Child depression might be harder for an adult to catch on to. Depending on the age of the child, they may or may not be able to adequately communicate their child depression to others so they can get the help that they need. Younger children might manifest their depression as outbursts and irritability and will not even be aware that they are depressed. A parent might only discover that their child is suffering from depression when the child is in the hands of a psychologist and can properly analyze the behaviors the child is displaying. Children who are a little older might be able to tell their parents what is happening so they can get the help they need. Then, during the teen years, the depression that a teenager is feeling and the behaviors they display can be written off as normal teenage moodiness. Indeed, the behaviors of severe child depression or teen depression are not normal, nor are they like the symptoms an adult experiences during depression. Being aware of these symptoms and carefully watchng children who start to act out can make a difference in getting them the help they need.
First, it is important to not discount the intelligence and capacities of children or teenagers. Adults tend to think that because these individuals are smaller that they are exempt from comprehension of complicated things in life. This simply is not true, and intelligence has been proven as something that exists early in life through to elderly age. Children are just as intelligent and can be just as much of an emotional mess as any adult. The difference is mainly symptomatic, and in treatment options that can be used.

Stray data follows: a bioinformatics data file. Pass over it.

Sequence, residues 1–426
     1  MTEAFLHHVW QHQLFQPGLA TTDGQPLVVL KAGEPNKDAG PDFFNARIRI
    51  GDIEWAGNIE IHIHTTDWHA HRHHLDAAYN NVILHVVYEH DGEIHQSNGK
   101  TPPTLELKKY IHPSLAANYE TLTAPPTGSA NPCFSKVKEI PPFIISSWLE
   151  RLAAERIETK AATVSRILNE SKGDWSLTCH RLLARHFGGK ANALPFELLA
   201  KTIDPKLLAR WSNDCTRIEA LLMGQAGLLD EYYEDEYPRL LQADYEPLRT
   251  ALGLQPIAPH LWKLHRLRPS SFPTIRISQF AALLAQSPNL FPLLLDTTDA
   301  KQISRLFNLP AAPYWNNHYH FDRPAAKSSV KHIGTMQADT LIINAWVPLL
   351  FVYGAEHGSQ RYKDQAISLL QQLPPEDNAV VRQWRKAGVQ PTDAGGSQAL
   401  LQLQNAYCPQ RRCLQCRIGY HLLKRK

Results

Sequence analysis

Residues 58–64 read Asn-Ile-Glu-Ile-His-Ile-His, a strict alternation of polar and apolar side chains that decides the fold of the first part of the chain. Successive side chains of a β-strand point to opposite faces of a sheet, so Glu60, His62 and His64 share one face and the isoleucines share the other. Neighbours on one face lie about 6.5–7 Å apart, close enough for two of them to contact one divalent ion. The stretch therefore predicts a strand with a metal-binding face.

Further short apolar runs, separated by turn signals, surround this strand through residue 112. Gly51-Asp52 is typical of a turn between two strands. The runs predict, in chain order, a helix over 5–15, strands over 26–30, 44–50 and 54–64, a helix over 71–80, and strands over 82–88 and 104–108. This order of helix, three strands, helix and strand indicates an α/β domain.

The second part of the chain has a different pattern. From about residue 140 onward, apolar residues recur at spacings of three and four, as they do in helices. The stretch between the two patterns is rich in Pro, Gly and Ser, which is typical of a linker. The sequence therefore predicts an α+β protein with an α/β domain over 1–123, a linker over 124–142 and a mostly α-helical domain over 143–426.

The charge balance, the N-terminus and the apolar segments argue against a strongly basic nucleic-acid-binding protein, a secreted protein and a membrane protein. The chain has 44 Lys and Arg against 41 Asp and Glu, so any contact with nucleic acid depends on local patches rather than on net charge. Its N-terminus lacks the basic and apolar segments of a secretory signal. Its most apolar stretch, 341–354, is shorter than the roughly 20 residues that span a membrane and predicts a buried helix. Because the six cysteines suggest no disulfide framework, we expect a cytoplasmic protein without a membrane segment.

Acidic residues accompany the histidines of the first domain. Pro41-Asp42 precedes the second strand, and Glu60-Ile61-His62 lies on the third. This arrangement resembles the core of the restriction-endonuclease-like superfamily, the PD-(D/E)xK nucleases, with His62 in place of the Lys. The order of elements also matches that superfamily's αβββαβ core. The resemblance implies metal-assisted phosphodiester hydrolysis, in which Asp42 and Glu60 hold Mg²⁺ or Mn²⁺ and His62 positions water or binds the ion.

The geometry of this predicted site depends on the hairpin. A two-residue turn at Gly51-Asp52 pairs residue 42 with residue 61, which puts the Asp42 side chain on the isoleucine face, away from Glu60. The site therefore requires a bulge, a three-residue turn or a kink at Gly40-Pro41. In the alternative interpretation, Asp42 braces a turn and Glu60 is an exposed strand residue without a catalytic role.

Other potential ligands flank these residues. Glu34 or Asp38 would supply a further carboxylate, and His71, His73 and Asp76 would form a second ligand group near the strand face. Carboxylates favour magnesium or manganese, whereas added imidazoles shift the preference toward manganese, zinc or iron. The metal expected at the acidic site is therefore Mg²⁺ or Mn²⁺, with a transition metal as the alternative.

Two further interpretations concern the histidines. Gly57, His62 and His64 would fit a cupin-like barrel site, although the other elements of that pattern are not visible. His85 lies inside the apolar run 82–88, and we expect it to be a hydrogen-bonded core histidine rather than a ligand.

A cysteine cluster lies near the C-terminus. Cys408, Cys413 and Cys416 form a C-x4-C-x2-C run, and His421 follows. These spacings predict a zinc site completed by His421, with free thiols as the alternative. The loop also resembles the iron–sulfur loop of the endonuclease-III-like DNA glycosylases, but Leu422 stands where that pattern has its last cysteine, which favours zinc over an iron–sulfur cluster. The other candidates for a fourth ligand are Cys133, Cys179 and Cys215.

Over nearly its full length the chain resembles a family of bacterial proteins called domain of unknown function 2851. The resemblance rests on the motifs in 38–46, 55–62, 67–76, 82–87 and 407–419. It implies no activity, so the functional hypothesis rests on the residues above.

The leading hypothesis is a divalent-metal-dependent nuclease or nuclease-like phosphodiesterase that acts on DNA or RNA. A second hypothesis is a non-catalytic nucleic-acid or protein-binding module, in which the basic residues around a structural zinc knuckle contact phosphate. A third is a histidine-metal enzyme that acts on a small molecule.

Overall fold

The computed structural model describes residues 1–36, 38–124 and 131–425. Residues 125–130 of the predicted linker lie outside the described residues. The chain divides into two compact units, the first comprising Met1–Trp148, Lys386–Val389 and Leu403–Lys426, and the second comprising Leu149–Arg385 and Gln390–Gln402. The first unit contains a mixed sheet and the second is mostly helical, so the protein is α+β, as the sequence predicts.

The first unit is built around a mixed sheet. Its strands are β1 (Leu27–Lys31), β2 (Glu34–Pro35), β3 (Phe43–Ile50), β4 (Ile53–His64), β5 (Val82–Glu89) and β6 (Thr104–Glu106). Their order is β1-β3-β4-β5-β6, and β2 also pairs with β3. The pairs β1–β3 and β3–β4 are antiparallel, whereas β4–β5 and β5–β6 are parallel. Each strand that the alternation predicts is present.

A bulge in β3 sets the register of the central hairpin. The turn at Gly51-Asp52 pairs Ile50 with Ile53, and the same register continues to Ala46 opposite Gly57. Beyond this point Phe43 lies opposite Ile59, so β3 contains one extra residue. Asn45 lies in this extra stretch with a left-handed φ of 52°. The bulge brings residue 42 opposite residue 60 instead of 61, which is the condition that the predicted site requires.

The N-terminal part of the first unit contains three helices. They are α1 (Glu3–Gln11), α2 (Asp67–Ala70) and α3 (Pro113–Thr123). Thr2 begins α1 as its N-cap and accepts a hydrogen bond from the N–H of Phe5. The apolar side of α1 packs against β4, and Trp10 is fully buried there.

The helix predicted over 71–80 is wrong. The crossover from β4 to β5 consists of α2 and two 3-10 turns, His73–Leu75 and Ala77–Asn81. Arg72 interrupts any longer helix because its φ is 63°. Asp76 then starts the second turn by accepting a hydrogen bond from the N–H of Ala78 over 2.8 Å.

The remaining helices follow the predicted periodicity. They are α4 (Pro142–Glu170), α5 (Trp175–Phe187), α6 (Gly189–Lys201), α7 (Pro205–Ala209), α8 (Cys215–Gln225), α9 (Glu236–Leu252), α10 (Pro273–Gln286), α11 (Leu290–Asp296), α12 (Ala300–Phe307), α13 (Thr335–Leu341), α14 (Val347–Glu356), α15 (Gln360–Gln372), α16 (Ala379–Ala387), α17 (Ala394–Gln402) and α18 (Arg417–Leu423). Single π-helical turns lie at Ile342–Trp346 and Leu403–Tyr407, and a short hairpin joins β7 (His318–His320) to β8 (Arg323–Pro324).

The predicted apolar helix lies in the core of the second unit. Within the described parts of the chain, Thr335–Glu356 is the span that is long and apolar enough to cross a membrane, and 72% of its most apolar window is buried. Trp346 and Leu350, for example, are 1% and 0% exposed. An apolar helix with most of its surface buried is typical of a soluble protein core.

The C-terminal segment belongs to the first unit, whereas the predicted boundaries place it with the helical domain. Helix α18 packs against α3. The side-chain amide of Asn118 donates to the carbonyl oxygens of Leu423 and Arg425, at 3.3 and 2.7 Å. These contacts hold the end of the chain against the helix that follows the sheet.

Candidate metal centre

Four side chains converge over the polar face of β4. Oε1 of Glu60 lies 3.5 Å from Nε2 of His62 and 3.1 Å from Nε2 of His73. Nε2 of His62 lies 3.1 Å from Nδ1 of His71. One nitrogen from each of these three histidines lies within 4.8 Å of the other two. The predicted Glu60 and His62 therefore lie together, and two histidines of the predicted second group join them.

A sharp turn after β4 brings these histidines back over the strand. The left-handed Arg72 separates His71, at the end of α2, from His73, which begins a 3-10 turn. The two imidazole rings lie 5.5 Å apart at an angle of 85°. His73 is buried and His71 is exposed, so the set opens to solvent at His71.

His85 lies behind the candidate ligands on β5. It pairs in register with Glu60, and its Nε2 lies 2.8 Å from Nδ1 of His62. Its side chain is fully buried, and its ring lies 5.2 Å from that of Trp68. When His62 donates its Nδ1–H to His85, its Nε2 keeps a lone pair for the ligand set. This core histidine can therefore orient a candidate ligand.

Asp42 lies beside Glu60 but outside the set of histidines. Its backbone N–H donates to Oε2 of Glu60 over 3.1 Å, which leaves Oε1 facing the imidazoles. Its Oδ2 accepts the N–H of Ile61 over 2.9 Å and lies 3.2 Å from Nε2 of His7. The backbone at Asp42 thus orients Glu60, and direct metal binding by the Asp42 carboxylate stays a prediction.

Child depression is classified in the DSM-IV with identical cirteria to that of adult depression. But the symptoms listed vary slightly. Most of the symptoms rest on outwardly exhibited behaviors that can be observed by adults. These include phobias, vague physical complaints, looking serious or acting overly serious, separation anxiety, behavior problems, and might even include hallucinations in advanced cases of depression. Psychiatry generally does not recognize delusions in young children as it is theorized that their cognitive functioning is not advanced enough for such happenings to occur. Depending on the age irritability, generalized anxiety or phobias, and erratic behavior all tend to be symptoms. Aggression can also be a problem at any age but is more prevalent in adolescent depression.
How a child is raised and the environment they are subjected to can play a role in child depression. However, parenting is not completely to blame. Stress from the environment that is uncontrollable [like the schooling environment] can add to the issue as can genetics. Children who have a family history of depression tend to be more likely to become depressed at a young age. Neglect, abuse, rejection, and conflict are strong factors in the environment that can be controlled and can contribute to depression. In addition to a family history of illness, there might also be a coexisting condition such as ADD, so parents should keep an eye out for other mood disorders too. Just being aware of the events happening in a child's life and spending time with them can go far in determining if depression is a problem. Spending time regularly with a child is just a good idea! They need adult influence in their lives.
It is not uncommon for a child or teen to be so depressed that they are considering suicide. They might even attempt and can be successful. It might be difficult for adults to fathom that "a sad child" might try to kill themselves in an adult way, but the danger is very real. Children who are identified as being possibly depressed should be watched for depression also and should be given the adequate treatment to prevent this from happenig as soon as the depression is recognized. Some medications for adults have been approved for use in children but generally there are not many treatment options available to treat child depression.